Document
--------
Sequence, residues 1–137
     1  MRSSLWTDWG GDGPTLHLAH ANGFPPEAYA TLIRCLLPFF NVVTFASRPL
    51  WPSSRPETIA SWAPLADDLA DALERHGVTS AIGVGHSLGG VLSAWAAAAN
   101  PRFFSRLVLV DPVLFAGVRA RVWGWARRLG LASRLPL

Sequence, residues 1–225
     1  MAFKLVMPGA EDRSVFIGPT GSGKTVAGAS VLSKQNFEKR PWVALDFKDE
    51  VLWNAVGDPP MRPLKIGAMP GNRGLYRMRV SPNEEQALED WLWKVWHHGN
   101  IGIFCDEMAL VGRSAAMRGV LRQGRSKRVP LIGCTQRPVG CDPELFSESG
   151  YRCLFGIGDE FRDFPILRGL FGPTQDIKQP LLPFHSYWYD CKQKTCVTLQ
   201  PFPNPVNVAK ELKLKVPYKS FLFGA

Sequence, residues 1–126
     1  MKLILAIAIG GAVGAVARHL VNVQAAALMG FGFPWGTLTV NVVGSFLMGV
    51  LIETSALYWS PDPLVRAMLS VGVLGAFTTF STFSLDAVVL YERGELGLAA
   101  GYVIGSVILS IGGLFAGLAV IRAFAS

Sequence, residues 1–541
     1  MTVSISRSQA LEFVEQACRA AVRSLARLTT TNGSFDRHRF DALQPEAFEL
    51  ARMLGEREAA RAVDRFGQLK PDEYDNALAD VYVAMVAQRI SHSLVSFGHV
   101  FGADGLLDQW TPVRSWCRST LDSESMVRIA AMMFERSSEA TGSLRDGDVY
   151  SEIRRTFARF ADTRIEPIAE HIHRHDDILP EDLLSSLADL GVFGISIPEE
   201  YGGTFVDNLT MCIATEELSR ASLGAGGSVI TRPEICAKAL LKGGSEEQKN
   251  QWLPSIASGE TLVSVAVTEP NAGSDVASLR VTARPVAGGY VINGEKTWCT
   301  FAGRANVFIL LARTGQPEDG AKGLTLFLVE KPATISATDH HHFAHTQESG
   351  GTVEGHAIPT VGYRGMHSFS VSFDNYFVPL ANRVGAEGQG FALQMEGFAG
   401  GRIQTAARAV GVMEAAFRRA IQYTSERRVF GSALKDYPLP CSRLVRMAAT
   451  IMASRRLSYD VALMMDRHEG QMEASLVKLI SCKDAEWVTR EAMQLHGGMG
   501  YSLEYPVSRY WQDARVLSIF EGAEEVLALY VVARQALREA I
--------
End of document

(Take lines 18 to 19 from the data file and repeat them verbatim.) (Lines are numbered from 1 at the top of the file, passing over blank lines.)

   101  FGADGLLDQW TPVRSWCRST LDSESMVRIA AMMFERSSEA TGSLRDGDVY
   151  SEIRRTFARF ADTRIEPIAE HIHRHDDILP EDLLSSLADL GVFGISIPEE